Why is this so hard?! I’ve done this before. I’ve successfully done this before so why am I practically in tears?
There aren’t very many two-word combinations that strike so much terror to a writer’s heart.
I’m writing a query letter. And dang if query writing isn’t like some great mystery of the universe, some massive puzzle the solution to which is held by very few people in the world. ARGGHH!!
The reason for those arghs is that it seems each agent and editor has her/his own idea of what makes a good query letter. No two agents or editors like the same thing in the same way and in the same format. And from what I’ve recently seen, each agent has different ideas on different days of what makes a stellar query! One of my dream agents has several of her favorite query letters posted on a site, along with her comments on what made each great. I was so thrilled to find this Holy Grail, but then my hopes were completely dashed when I discovered that there was no consistency to what she liked. Argghhh…
My first ever query letter, the successful one, was to editors of small publishers, not agents. And to be perfectly honest that book and those query letters were for practice purposes. I was LEARNING how to write a novel and LEARNING how to write synopses and query letters. That my first effort was a success was surprising to say the least. All but one editor requested either a partial or a full, and all sent glowing rejections, except for the one who offered me a contract.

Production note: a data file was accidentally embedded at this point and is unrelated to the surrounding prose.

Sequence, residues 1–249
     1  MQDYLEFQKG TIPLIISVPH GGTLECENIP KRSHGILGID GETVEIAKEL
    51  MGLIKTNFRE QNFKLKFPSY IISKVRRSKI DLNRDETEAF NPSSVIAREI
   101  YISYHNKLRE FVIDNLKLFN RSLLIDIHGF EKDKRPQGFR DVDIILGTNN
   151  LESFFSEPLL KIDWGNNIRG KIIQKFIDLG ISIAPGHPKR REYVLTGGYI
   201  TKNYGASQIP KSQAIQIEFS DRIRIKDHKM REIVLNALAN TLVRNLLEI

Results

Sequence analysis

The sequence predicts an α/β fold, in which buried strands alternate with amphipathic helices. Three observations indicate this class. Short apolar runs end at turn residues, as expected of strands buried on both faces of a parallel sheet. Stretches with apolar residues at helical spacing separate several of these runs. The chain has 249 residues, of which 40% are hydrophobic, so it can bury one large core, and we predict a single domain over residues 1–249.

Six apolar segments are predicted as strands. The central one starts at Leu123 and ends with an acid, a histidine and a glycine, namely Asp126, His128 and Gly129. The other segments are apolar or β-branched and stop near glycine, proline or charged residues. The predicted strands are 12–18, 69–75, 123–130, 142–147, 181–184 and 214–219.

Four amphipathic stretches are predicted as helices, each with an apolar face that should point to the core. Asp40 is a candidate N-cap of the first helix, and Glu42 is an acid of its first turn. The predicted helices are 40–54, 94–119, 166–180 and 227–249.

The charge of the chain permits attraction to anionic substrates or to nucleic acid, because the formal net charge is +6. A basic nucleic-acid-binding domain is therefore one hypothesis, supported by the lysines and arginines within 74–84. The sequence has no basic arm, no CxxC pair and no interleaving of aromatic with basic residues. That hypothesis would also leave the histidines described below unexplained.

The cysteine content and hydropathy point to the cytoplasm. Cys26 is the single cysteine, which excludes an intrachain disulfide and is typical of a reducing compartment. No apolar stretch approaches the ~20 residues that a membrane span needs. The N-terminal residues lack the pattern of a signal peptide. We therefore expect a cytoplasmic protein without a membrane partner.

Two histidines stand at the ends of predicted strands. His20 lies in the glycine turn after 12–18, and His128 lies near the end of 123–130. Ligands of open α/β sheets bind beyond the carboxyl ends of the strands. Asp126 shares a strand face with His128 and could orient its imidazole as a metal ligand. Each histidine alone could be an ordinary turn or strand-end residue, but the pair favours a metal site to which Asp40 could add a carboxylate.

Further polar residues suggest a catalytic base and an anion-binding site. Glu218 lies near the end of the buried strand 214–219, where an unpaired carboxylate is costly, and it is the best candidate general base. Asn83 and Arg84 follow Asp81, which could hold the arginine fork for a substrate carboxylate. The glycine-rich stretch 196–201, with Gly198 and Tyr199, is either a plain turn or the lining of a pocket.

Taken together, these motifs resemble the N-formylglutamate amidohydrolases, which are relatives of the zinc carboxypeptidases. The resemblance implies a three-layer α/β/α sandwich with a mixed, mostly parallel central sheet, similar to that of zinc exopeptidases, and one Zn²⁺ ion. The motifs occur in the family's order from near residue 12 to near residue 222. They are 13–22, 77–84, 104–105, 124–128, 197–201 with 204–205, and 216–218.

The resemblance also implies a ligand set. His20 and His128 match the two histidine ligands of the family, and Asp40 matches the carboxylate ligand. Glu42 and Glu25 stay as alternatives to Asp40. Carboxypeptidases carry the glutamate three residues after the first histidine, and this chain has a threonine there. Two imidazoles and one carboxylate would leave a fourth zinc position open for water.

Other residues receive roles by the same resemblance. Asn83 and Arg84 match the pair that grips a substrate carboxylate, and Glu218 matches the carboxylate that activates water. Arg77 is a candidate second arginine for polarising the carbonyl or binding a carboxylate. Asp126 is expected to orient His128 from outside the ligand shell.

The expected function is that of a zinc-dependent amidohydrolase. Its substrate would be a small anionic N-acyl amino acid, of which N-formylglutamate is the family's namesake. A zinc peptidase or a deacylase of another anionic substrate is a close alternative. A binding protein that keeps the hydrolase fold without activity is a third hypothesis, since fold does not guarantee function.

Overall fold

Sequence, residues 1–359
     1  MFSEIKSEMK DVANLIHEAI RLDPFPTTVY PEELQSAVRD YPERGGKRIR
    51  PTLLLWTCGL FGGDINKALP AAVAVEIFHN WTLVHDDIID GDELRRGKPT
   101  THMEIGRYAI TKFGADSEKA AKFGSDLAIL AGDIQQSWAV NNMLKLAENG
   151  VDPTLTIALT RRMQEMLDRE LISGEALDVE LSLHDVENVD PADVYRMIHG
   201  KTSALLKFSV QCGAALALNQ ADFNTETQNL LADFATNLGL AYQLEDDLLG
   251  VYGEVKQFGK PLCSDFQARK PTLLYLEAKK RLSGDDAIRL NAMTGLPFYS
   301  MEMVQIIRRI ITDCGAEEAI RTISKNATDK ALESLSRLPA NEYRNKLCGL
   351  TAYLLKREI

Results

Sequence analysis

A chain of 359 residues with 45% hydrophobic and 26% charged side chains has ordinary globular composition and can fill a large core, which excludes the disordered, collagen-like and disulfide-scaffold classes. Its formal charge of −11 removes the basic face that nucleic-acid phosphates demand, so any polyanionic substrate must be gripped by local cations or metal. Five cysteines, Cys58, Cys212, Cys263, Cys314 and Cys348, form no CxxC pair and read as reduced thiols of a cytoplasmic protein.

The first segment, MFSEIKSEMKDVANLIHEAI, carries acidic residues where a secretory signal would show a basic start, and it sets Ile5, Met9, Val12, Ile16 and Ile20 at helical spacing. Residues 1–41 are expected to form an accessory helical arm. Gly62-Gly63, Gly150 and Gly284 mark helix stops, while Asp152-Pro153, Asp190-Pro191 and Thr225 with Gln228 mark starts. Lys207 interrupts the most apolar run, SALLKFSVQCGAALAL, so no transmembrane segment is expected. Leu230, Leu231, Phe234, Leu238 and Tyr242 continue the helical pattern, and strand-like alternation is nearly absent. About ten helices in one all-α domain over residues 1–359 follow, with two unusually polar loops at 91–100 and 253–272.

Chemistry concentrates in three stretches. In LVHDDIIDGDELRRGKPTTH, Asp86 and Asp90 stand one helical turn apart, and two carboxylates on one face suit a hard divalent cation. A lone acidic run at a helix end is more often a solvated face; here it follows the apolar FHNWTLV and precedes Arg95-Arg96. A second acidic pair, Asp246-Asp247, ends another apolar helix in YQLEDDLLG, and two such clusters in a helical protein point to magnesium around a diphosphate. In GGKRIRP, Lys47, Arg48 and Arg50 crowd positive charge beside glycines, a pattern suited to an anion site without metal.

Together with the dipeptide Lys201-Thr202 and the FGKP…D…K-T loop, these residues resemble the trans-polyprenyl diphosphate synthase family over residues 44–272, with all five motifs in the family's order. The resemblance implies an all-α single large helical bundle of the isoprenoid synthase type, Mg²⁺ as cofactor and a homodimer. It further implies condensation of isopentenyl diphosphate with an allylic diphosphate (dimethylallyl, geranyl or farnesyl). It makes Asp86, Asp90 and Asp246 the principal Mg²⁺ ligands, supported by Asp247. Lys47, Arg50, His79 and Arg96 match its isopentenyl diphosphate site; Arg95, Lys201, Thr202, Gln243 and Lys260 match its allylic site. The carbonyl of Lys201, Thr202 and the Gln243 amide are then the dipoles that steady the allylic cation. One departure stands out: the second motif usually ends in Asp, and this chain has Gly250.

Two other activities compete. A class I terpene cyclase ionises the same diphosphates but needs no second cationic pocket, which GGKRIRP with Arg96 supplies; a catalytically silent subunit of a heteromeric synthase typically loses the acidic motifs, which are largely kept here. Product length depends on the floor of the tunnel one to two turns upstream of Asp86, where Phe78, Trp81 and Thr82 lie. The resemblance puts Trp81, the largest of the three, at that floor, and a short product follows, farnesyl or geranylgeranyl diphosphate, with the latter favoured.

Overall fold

But agents are a different story, and they are making me very nervous. I believe an author’s chances of making it onto an NBA team are better than landing an agent.
Of course we all have our short list of dream agents, the ones we can only hope to one day have represent us. Which raises the next unanswerable question: Do I send queries to each of them in the first round, or spread it out a bit, mixing them into rounds with second and third tier choices? If the query fails, I want to know it and be able to rewrite it before I’ve sent it to all those first choice agents. Argghh…
Now do you see why those two words are so dreaded among writers?
If you want to further educate yourself (or confuse yourself depending on how you’re feeling about it) on query letter writing there are fortunately many good sources online. I just came across a fabulous post by dream agent Sarah Davies of the dream agency Greenhouse Literary. I like this post because she makes it clear and straightforward—there is little alchemy involved. At the end of this post I’ll give you links to Ms. Davies’ post as well as other useful sites.
Now I really need to get back to writing my query letter. And make sure it reflects the voice of my book. And make sure I include a blurb that makes the agent want to read more. And make sure I have enough biographical info but not too much. And, and, and. Sigh…
I highly recommend each of these sites for useful, helpful information on query writing:
Sarah Davies’ Query Writing: A Guide for the Anxious: http://greenhouseliterary.com/index.php/blog/article/query_writing_a_guide_for_the_anxious
Writer’s Digest—60 examples of successful query letters: http://www.writersdigest.com/editor-blogs/guide-to-literary-agents/successful-queries
Writer’s Digest’s Chuck Sambuchino on Query Letter Writing:
Good luck on your query letter!!